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Money, politics and the post-war business cycle

  • Jon Faust
  • John S. Irons

While macroeconometricians continue to dispute the size, timing, and even the existence of effects of monetary policy, political economists often find large effects of political variables and often attribute the effects to manipulation of the Fed. Since the political econometricians often use smaller information sets and less elaborate approaches to identification than do macroeconometricians, their striking results could be the result of simultaneity and omitted variable biases. Alternatively, political whims may provide the instrument for exogenous policy changes that has been the Grail of the policy identification literature. In this paper, we lay out and apply a framework for distinguishing these possibilities. We find almost no support for the hypothesis that political effects on the macroeconomy operate through monetary policy and only weak evidence that political effects are significant at all.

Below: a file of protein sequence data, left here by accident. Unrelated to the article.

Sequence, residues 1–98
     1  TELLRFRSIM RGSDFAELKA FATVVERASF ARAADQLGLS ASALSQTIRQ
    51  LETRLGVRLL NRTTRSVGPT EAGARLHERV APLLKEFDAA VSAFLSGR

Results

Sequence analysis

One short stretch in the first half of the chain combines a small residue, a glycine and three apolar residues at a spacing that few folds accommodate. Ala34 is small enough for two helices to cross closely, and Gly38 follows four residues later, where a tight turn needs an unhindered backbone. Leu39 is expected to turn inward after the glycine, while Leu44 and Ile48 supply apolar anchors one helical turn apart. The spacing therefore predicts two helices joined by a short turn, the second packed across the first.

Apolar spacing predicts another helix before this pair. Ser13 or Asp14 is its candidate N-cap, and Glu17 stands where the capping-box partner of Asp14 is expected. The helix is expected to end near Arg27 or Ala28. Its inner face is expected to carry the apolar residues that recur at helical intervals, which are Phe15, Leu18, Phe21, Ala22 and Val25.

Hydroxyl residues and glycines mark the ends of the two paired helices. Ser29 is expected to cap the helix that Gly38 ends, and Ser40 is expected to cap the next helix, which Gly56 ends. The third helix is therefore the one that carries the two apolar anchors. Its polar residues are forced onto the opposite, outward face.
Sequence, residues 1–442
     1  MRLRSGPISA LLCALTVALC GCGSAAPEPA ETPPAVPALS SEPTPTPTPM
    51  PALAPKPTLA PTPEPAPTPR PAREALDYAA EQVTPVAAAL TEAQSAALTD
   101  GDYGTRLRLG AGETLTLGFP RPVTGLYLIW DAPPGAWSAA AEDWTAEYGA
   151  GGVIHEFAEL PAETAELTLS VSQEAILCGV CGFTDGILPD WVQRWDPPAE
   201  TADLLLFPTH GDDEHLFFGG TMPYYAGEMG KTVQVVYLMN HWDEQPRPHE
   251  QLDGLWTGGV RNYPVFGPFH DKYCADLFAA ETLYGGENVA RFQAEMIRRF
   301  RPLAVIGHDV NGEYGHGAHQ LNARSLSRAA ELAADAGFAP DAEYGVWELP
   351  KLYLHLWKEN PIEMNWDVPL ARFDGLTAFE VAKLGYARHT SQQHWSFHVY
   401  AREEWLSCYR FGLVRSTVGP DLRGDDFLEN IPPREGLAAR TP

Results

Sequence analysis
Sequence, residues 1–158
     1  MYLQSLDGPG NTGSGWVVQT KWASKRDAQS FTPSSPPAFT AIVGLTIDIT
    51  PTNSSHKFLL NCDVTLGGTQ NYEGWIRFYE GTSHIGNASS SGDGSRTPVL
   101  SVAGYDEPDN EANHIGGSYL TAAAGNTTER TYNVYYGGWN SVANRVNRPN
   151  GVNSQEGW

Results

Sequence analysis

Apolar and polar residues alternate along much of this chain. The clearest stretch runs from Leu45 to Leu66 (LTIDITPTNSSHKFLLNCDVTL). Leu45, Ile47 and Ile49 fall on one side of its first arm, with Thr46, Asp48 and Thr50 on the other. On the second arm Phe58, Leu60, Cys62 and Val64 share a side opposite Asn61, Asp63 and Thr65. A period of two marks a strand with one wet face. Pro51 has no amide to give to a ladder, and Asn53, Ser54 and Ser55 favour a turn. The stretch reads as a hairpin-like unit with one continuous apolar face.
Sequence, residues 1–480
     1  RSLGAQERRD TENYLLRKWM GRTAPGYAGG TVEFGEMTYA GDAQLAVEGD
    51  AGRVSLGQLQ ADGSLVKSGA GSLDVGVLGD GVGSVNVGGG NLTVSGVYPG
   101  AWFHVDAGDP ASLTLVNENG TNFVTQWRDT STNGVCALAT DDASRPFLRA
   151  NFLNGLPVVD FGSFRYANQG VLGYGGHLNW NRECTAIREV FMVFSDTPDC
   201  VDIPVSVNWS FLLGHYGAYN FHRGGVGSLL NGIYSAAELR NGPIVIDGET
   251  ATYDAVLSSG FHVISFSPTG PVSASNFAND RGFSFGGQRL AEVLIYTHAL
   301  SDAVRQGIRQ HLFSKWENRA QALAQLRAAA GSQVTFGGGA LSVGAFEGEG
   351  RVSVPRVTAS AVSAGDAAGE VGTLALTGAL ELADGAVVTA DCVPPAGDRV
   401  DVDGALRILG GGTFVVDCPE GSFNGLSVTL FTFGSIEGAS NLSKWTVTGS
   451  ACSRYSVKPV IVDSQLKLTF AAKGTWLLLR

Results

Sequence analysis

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Paper provided by Board of Governors of the Federal Reserve System (U.S.) in its series International Finance Discussion Papers with number 572.

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Date of creation: 1996
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Handle: RePEc:fip:fedgif:572
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